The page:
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24 March 2010 - Glimmer of hope for Marine species      

Glimmer of hope for Marine species

Doha, Qatar, 24 March 2010                            

Humane Society International (HSI) representatives at the Convention on International Trade in Endangered Species of Wild Fauna and Flora (CITES) today welcomed the inclusion of the first commercially valuable shark species in the CITES Appendices. The inclusion of the porbeagle shark in the CITES Appendices is the very first commercially valuable sharks added to CITES in the treaty’s more than thirty-year history.

“Inclusion in Appendix II of CITES is a valuable tool for helping to reverse the continued depletion of these vulnerable sharks,” said Alexia Wellbelove of Humane Society International. “It requires countries to collect and provide data on shark exports and provide non-detriment findings to ensure that they are not over-exploiting these species to meet the demand for international trade.”

Porbeagles are large sharks that live in cooler waters worldwide. They are caught for their meat and their fins, both of which fetch high prices on the international market. This demand has led to alarming declines in their populations. Between 1954 and 2007 there has been a 99 percent decline in the Danish fishery between and a 96 percent decline in the Norwegian fishery in the period between 1973 and 2007. In addition south-west Pacific populations have decreased by between 50 and 80% in 10 years.

Unfortunately, three other proposals considered at CITES to provide protection for the scalloped hammerhead, oceanic whitetip shark and the spiny dogfish shark failed to be adopted earlier in the day.

“It is clear that in the majority of cases for marine species, politics triumphs over science because all the species met the criteria for CITES listings” continued Alexia Wellbelove. “Unfortunately, parties to CITES have missed this opportunity to provide these vulnerable shark species with additional protection.”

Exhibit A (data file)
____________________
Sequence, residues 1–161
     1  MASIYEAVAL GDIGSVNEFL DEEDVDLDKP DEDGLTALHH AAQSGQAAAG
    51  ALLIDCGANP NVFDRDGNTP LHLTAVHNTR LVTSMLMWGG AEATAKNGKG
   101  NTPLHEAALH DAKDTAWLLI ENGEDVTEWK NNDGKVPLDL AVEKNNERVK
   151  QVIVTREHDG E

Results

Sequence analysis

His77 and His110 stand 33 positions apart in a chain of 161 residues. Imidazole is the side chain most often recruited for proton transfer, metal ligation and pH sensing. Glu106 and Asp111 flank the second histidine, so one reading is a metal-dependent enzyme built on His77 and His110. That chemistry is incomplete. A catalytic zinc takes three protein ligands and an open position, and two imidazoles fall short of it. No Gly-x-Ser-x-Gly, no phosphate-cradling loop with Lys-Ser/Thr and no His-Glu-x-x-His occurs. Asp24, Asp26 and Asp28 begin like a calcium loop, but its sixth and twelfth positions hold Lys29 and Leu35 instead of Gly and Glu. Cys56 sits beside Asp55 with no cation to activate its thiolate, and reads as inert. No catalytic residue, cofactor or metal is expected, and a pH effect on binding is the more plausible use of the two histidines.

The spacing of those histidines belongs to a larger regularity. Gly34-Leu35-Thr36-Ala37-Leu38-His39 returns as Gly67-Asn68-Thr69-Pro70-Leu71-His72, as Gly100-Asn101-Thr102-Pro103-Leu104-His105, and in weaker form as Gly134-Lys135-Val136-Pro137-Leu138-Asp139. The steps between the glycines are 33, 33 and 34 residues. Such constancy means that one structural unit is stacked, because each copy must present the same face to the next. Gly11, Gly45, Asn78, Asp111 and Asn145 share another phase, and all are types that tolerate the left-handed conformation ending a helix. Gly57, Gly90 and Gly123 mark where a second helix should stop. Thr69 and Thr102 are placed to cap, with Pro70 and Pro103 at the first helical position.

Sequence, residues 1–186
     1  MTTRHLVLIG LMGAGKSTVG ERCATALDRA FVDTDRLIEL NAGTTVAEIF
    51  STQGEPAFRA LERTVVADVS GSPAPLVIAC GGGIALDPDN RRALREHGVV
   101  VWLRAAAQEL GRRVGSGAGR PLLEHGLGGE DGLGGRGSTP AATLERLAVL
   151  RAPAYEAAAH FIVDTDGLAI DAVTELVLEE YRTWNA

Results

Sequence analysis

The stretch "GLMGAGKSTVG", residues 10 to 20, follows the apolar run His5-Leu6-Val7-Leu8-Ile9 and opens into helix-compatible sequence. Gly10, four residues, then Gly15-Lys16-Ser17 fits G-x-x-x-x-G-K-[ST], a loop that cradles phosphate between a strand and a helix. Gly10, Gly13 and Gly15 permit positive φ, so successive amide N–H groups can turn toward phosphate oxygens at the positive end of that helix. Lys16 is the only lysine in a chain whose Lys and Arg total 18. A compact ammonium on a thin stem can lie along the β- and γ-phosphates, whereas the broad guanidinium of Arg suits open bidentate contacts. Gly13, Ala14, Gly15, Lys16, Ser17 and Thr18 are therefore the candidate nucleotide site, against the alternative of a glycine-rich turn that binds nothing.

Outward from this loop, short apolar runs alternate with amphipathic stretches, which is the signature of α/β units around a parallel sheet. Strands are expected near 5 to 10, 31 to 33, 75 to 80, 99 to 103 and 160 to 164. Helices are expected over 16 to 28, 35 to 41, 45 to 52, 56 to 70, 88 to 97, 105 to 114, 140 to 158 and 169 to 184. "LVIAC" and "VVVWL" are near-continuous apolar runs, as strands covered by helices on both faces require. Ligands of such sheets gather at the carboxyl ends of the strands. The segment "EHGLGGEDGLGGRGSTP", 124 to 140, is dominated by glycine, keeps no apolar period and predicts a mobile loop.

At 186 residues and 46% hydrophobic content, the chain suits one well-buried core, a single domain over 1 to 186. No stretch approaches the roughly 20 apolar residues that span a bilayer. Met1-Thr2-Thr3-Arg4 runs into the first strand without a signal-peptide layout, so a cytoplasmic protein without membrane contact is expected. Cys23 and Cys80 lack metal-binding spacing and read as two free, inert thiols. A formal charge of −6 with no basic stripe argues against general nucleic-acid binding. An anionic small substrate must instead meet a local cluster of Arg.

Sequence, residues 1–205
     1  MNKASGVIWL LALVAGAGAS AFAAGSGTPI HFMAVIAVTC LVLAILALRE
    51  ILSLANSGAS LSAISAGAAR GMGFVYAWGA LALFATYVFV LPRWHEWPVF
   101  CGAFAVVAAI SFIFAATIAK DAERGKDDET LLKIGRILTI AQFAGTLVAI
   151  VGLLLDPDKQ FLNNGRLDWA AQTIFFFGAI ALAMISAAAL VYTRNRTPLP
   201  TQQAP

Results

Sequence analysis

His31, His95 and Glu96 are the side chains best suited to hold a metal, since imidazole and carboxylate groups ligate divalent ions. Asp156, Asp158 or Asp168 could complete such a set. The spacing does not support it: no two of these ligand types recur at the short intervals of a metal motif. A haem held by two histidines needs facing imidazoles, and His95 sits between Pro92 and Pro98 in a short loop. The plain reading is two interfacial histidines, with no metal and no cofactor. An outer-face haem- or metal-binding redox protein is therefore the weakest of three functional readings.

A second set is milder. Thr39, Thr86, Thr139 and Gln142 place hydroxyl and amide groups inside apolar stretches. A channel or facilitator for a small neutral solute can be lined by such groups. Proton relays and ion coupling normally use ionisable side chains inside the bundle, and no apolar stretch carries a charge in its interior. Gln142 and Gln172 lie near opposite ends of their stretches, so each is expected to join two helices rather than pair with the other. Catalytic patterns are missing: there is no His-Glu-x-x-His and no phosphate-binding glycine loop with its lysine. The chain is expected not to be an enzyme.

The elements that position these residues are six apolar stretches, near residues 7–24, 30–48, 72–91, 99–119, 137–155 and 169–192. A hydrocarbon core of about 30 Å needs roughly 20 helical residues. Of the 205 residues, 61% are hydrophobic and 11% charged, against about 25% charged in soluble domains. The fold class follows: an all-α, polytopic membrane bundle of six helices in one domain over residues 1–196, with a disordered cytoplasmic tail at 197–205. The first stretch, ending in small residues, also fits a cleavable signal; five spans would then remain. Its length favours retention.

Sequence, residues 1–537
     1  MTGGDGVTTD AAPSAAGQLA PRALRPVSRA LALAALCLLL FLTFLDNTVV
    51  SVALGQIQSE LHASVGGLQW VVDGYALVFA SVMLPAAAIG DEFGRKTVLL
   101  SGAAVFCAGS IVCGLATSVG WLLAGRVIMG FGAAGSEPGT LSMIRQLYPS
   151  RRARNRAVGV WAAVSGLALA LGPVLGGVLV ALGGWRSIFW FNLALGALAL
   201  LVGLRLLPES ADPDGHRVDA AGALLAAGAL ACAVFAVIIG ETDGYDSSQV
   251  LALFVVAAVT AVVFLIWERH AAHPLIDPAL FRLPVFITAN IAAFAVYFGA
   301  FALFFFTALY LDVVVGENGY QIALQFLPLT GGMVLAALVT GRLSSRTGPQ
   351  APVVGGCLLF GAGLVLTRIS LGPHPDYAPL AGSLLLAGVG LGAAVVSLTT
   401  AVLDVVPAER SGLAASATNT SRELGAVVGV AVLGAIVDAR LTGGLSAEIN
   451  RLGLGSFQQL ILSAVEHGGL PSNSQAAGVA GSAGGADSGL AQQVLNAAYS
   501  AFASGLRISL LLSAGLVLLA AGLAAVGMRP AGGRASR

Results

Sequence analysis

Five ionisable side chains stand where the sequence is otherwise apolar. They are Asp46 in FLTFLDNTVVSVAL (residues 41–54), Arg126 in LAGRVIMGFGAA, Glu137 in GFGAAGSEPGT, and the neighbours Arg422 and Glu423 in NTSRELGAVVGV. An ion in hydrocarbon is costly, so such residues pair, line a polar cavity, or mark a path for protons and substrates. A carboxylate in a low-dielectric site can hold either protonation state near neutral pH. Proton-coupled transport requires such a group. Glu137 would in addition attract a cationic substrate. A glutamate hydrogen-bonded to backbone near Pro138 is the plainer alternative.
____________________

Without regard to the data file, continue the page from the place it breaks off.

Many opposing countries are suggesting that Regional Fisheries Management Organisations (RFMOs) should be responsible for management of shark species. HSI has never disputed this and instead believes that CITES can play a vital complementary role alongside CITES. While RFMOs should have responsibility for sustainable shark management, there is no designated RFMO that sets or regulates catches of oceanic sharks making the need for CITES all the more pressing.

“RFMOs have not fulfilled their responsibilities to regulate the catch of sharks internationally” continued Alexia Wellbelove. “Unless and until RFMOs can be shown to be effectively managing shark species we strongly believe that CITES has an important complementary role to play in regulating international trade in shark products.”

It is possible that these decisions may be reconsidered and reversed later this week as the meeting concludes.  In the meantime, HSI will continue to urge countries to take urgent action to protect their shark species.


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